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I have a large black lab that is a great pet. He is a good dog but won't let you handle his paws. I've tried to ease into the job and I've tried to flat out hold him, he just does not like his paws handled. Any tips on how I can trim his nails?
 

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There are a few dogs that absolutely need to be sedated, but most dogs can be done with the right kind of restraint. You need at least one, preferably two other people to help you hold while you trim. I usually have the best luck with "bad" dogs if we lay the dog on his side and have one person hold the front legs/head and another person controlling the back end. Make sure your holders are holding onto the "down" legs well-if the dog gets those legs under him then you've lost your restraint. Trim as fast as you can without hurting the dog. I'd err on the side of trimming too little rather than too much for the first couple of sessions. Some dogs will also respond better if you use a dremel instead of trimmers. Never let the dog win or he will struggle all the harder the next time.
 

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I have had a horrific time clipping nails with our puppy (now 11 mos), a border collie, blue heeler, black lab mix. Holding makes her wild, and her toes are apparently off limits.

I have started "tricking" her into thinking that cutting a nail is a part of the routine, like getting dinner, a treat or being let in/out. Everytime she gets something she gets a nail trimmed. I ask her if she wants a cookie, she gets excited and waits by the cupboard and I have her clippers ready. In between her arriving and my getting the treat for her I unceremoniously (and that is the important part) grab a paw and quickly (another important part) clip one nail. Same with dinner, getting let out, etc.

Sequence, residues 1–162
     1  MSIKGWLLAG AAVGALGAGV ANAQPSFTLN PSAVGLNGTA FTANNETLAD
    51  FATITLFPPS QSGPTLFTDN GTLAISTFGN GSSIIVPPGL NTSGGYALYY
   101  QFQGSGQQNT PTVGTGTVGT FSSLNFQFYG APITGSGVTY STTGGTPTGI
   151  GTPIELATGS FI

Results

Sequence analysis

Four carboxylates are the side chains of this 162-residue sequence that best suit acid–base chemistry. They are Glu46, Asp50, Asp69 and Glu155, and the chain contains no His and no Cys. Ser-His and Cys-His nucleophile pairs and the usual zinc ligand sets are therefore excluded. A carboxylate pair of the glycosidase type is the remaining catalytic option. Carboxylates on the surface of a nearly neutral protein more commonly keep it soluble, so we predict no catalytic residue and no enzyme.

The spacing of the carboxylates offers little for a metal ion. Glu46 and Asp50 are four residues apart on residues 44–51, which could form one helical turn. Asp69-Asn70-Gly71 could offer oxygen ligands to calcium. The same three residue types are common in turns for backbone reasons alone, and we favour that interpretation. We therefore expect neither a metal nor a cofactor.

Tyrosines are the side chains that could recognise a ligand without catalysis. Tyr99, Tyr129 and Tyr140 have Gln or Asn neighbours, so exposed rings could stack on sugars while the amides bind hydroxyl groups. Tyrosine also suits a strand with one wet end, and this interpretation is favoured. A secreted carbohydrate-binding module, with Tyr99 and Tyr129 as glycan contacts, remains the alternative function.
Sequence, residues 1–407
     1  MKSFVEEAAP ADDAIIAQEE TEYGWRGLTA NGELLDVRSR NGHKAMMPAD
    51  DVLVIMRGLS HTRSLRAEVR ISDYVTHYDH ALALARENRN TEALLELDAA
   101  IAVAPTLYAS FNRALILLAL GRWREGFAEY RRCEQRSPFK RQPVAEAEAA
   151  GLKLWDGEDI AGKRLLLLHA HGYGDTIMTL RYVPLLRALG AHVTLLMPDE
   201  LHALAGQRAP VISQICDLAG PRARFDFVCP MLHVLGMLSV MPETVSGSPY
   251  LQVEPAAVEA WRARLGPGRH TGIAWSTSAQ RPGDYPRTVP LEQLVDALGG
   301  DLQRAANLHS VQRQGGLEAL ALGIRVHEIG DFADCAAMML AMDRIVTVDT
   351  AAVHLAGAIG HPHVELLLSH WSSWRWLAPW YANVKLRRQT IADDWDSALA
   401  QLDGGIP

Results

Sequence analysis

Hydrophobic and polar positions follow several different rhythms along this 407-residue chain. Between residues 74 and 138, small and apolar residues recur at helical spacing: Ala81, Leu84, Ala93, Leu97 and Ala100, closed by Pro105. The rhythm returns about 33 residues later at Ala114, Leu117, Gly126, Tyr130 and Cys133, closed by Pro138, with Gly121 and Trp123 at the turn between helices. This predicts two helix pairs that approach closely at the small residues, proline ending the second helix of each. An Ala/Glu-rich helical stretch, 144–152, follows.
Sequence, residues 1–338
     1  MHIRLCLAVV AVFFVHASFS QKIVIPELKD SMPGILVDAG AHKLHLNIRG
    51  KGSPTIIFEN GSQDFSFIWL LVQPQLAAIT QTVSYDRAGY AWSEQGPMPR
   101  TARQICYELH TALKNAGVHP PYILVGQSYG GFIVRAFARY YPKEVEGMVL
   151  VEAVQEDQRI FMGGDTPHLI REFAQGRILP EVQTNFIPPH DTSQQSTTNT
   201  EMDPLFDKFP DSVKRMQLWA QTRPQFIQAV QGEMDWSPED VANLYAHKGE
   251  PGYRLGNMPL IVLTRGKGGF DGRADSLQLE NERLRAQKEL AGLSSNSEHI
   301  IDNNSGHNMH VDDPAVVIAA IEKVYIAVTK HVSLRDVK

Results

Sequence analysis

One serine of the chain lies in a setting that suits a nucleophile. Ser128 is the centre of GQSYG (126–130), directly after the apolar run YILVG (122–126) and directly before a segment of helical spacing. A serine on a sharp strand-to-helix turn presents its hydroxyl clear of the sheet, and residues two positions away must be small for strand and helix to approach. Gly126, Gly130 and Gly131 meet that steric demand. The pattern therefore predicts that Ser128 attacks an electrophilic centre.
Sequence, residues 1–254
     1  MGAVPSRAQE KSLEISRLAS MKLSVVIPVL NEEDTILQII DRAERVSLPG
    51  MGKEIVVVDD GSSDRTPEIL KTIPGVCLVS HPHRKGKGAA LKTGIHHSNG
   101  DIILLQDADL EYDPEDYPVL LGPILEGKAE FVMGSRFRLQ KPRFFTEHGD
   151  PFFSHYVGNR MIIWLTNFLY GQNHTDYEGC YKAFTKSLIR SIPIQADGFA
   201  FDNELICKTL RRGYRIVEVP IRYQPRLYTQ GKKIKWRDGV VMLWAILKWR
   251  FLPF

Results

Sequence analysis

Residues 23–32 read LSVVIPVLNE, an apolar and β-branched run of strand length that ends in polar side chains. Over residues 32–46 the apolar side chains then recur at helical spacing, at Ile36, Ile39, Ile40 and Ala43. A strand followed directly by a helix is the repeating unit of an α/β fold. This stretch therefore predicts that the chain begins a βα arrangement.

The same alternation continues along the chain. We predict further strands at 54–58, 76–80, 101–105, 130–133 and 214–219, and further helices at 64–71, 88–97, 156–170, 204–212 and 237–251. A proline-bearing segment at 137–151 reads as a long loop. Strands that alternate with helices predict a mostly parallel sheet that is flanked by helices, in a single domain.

The trick is to have the clippers at hand, to slip in and cut a nail (only one nail!) before they have a chance to notice, and to completely not acknowledge that you cut one of their nails. The first few times I tried it she was surprised that it was over and didn't hurt, reminding me of a kid getting a booster.

You can't expect to get them all trimmed nice all at the same time, but a little every day or two keeps them in the same or better shape overall.

Already she is better al letting me play with her toes. Puting the cart before the horse, maybe, but whatever works, works i say.
 

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If you need those nails cut NOW--

1)have the dog stand in some warm, mildy soapy water for a bit-- this softens the nails--
2) have someone hold the dog firmly just behind the head, so it cannot turn and bite.
3) using a pair of nail cutters that can cut like scissors ( I use hoof rot shears, myself) you can trim in one of two ways--